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Maternal Mental Health

During May, the Southern Oregon Doula Collaborative teamed up with 2020Mom to host a Diaper Drive in honor of Maternal Mental Health Awareness Month.

“Low-income mothers who don’t have enough diapers for their babies are more likely to report symptoms of depression and anxiety than other low-income mothers, according to new research from Yale University. Three in 10 poor mothers reported that they cannot afford an adequate supply of diapers, the study found.”

— Psych Central

This Diaper Drive was geared towards alleviating stress, a potential trigger for Postpartum Mood Disorders, by helping families keep their babies’ bottoms clean and dry.  As Doulas, a lot of the work we do is to help alleviate the stress that can come during pregnancy, birth, and postpartum.  A research paper I wrote on Postpartum Mood Disorders has statistics on how Postpartum Depression, Anxiety, and OCD, among other mood disorders, are more common than many think or want to believe, and this is all the more reason to work within our communities, supporting families as they are welcoming and parenting their children.  The Diaper Drive was one way to offer help, but there is so much more that can be done, which leads me to this month’s question from our local community, this time from Noelle Olmstead who asked for “practical ways to help mental health in healing from a birth experience that did not go as hoped for.”

Sometimes, birth don’t unfold the way it was planned.  This can look like having a cesarean when you wanted to avoid one, or using pain medication even though you didn’t think you would.  It can also be a vaginal birth that had traumatizing moments or not being able to get pain medication when you wanted it. Sometimes, we can be disappointed in the subtlest ways, such as moving or sounding different that we thought we would or “should”.  And that is the KEY word to consider: “should”.  Us Doulas want our clients to know that there is no one way we all “should” give birth.  Life is different for every person, and birth is, too.  When we can remove our expectations that birth “should” be a certain way, we can open up to all the different ways birth happens and prepare for how we want to birth while being flexible in the moment.  This is a preventative step to avoiding a negative birth experience.  Hiring a Doula to support through the process can also help, as we are there to encourage empowerment and informed decision making every step of the way.  This doesn’t mean that Doulas are responsible for the outcomes of birth; we are simply there to support the birth experience as it unfolds moment by moment.

So what if you have already given birth, and it didn’t go as hoped for? Some people say “all that matters is a healthy baby.”  THIS Doula is here to say, that is NOT all that matters.  It matters how the experience felt as well.  YOU matter.  There is a saying that in the years and decades after, the details of our birth don’t always remain with us, but we remember HOW WE FELT.  We are more at risk for developing a Postpartum Mood Disorder if we are not able to acknowledge any loss we feel, be heard by those who will listen to us tell our story as many times as we need to, get the questions we have answered, and answered again, and be completely nurtured as we grieve.  We may need to heal from our broken expectations and that is VERY important.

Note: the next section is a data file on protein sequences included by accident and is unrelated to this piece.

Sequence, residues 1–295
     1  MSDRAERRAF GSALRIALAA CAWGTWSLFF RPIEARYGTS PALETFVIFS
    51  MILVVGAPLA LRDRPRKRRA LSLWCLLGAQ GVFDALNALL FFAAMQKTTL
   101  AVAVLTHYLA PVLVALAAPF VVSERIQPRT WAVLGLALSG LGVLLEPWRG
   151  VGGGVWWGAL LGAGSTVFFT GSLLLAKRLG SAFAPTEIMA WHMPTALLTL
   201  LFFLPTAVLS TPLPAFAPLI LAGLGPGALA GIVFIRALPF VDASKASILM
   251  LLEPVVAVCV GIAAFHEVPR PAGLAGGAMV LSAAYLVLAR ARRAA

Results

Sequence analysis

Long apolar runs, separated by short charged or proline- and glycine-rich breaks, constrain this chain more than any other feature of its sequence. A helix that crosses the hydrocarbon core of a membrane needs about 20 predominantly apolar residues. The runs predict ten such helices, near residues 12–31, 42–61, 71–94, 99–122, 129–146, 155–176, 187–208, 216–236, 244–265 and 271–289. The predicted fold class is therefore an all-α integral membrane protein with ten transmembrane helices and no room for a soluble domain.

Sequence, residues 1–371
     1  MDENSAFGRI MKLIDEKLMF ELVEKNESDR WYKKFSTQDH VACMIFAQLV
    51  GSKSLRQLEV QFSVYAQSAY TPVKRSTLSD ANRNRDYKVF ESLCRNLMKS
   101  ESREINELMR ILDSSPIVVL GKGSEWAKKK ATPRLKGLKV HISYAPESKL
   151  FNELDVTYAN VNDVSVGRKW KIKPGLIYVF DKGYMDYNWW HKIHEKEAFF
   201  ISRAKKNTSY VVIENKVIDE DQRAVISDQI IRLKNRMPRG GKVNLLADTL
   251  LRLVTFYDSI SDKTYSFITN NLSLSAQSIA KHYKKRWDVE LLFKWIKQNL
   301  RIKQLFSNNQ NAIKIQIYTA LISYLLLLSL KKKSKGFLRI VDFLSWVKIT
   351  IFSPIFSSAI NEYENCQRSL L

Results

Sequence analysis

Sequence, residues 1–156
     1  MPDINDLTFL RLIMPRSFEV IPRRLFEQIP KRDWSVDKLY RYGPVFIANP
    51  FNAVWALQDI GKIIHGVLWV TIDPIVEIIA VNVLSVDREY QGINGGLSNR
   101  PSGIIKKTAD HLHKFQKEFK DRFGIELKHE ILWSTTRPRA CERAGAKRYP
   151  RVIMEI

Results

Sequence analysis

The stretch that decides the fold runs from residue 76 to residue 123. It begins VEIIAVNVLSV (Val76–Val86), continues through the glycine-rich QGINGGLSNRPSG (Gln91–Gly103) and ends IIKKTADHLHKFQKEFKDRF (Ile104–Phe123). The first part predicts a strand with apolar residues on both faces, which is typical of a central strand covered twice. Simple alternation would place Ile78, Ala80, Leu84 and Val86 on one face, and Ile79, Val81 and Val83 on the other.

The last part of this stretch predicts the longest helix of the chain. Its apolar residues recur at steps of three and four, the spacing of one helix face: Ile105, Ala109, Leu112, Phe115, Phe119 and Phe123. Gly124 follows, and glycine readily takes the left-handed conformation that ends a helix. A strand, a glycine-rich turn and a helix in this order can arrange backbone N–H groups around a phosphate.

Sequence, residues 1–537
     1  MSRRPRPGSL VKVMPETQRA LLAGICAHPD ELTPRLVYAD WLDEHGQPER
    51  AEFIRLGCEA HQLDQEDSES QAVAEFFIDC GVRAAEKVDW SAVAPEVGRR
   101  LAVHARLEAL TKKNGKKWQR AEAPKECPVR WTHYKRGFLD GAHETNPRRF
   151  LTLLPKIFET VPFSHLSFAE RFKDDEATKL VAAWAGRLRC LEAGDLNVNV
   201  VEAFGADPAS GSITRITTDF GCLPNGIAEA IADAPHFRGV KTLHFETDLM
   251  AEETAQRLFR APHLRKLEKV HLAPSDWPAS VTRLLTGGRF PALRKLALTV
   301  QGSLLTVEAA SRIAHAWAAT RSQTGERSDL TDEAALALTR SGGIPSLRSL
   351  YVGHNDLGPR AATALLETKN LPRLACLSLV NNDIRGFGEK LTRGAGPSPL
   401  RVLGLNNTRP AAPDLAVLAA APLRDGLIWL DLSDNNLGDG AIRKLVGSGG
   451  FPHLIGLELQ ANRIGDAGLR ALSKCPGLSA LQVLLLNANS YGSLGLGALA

So when healing mentally, we tap deep into roots of self care and community.  Water is extremely healing, so baths and showers daily can help wash away our grief.  You can have a rebirth ceremony if it resonates with you.  Being connected to the natural world through flowers and plants inside your home or being outside by a river, in a park, in the woods, walking, sitting, resting.  Drinking calming teas and at least half your body weight in water every day as well as eating nourishing foods and resting.

This is where community comes in, because it is next to impossible for most of us to do anything at all with a newborn/infant/toddler.  Will your neighbor or friend come and sit with baby while you shower or bathe? Can family or friends take you for a drive and carry your baby or help you with a wrap or sling to walk through the woods? Can someone bring meals over every other day to keep you and your family fed while you heal? Will your partner take over all newborn care while you get four solid hours of sleep at a time? All of these tasks are so helpful when combined with a listening, non judgemental ear.  Who can come over and make tea and listen to your story for the third time and understand how important it is to be there?  Reaching out for support is essential, because we aren’t meant to do this alone.  There are parenting groups that specialize in emotional and mental health support.  And if you have scary thoughts that won’t go away, or you remain in a depressive or anxious mode throughout most of each day for more than a few days, it is time to reach out to your primary care provider or mental health professional.  You are not alone, and it will get better, but it takes time. Surround yourself in support, and start by forgiving yourself and allowing the loss and grief to be there while you heal.  And here is a great handout of practical tools to help mental health.


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